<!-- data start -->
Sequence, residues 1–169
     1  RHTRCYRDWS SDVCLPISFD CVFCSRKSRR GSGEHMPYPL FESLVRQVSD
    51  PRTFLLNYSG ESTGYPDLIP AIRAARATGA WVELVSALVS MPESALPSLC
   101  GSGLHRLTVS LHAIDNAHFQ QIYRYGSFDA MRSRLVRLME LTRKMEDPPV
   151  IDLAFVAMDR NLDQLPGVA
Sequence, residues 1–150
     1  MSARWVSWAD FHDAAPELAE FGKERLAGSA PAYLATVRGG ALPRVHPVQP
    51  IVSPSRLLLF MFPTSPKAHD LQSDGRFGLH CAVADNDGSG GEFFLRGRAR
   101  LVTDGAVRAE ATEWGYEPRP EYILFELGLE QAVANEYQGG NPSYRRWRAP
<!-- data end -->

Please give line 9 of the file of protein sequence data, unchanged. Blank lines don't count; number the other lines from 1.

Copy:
   101  LVTDGAVRAE ATEWGYEPRP EYILFELGLE QAVANEYQGG NPSYRRWRAP